poetry

The summer sun beat down on August 21 as thousands of Palestinians set out on a silent march in al-Rama, a Palestinian town in the northern Galilee region of present-day Israel, honouring the recently deceased poet and activist Samih al-Qasim.

The 76-year-old al-Qasim, who battled cancer for three years, died late on August 19.

Placards bearing verses of al-Qasim’s poetry and Palestinian flags bobbed above the marching crowd, which eventually arrived at the town’s main amphitheater. Al-Qasim’s relatives, prominent religious figures and politicians all spoke.

A dove
that flew off
just after the fall of Afghan Buddha
Didn’t have enough
Unoccupied airspace
Unoccupied skies
To flap its wings to restart the heart beats gone numb
Of zillions resting in
Graves
Segregated apart as
For the occupant and by the ccupied.
The names on the tombstones
of the graves of the occupied
Could later become undecipherable,
Though they
Far outnumber that of the occupants.

Hope the dead never wake up,
to scrutinize their underrepresented statistics,
to check the word limit of reports from Gaza,

Jan Woolf is the cultural coordinator of the No Glory in War campaign, a group that seeks to counter the celebratory narrative of the British government’s commemorations of World War I. She spoke to online radical cultural Red Wedge Magaize about the campaign’s use of art and media — both past and present — to communicate its message. It is abridged from Red Wedge Magazine.

***

Why was No Glory started?

Despite Israel’s relentless aerial bombardments, shelling and ground attacks since July 7, Palestinian writers in Gaza have responded to the latest onslaught by doing what they know — writing.
Ra Page, director of Manchester-based Comma Press, which recently published a collection of short stories from writers in Gaza, says “all of the Book of Gaza contributors are writing away like crazy, whilst they have power”.

Irish singer Sinead O’Connor has joined the growing list of artists who respect the global boycott, divestment and sanctions campaign to isolate Israel, cancelling a show in Israel scheduled for September 11.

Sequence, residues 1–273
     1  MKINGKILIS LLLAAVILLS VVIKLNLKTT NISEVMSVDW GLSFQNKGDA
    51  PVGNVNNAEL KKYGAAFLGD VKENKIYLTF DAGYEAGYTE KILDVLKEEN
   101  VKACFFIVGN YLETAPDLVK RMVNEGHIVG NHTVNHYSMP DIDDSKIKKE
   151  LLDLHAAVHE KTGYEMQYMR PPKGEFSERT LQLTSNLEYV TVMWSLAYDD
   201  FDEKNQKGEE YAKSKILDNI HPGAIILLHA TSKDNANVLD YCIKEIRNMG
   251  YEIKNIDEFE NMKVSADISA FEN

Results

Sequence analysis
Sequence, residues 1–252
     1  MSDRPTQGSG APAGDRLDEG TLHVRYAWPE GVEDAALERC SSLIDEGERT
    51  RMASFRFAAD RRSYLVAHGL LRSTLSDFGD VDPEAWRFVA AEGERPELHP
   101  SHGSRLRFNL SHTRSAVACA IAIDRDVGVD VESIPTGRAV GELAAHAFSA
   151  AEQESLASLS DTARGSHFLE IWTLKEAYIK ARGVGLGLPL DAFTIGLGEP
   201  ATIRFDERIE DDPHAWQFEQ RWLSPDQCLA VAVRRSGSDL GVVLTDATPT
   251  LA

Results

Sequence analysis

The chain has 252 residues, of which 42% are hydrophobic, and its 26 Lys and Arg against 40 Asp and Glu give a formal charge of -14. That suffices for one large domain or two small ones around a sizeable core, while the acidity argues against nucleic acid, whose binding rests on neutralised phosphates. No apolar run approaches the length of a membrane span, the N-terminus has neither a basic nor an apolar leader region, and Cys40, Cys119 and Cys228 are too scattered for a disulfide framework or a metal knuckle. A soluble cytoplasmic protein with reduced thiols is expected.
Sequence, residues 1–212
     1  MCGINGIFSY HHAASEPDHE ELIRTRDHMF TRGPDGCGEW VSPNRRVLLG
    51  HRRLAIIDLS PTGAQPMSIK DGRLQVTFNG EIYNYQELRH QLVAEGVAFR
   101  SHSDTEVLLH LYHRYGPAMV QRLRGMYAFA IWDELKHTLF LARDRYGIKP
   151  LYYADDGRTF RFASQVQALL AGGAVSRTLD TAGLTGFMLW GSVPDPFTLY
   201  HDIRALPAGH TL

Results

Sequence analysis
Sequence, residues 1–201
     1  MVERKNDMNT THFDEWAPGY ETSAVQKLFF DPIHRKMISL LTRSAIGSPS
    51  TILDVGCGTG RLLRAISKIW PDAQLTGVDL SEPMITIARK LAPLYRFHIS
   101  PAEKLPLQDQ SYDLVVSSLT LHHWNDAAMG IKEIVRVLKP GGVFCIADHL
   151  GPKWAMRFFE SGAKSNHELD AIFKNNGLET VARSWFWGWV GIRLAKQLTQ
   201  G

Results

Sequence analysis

“You may write me down in history
With your bitter, twisted lies,
You may tread me in the very dirt
But still, like dust, I’ll rise.”

So wrote Maya Angelou, in her poem “Still I Rise”. She died on May 28 at 86 at her home in North Carolina.

In remembering Maya Angelou, it is important to recall her commitment to the struggle for equality, not just for herself, or for women, or for African-Americans. She was committed to peace and justice for all.

Fuck Tony Fuckin’ Abbott
After the revolution
The solution
Abbott made to stand down
Send him to Hanover down town
Spend a term there
Maybe then he’ll care

Fuck Tony Fuckin’ Abbott
Let the boats in, I say
Don’t turn em’ away
The politician’s oversight
Illegals – no
Declaration of Human Rights
That’s the UN
Say it once again

Fuck Tony Fuckin’ Abbott
People waiting in dole queues
He’s giving me the blues
Mental illness is rife
Due partly to his strife

Fuck Tony Fuckin’ Abbott
When it comes to the end

@Resistance Centre - Green Left Weekly, 22 Mountain Street Ultimo, Sydney, Australia 2007

Join us for another special evening of poetry and performance that celebrates struggle and resistance! With the talent of Aboriginal warrior Elizabeth Jarrett and drumming and poetic legend Gabrielle Jones and many more inspiring acts. Call 0403 517 266 to offer your poetic prowess of find out more information 

Tasty meal available. Entry: $7 concession, $12 waged, $20 solidarity. All funds go towards peoples power media Green Left Weekly

 

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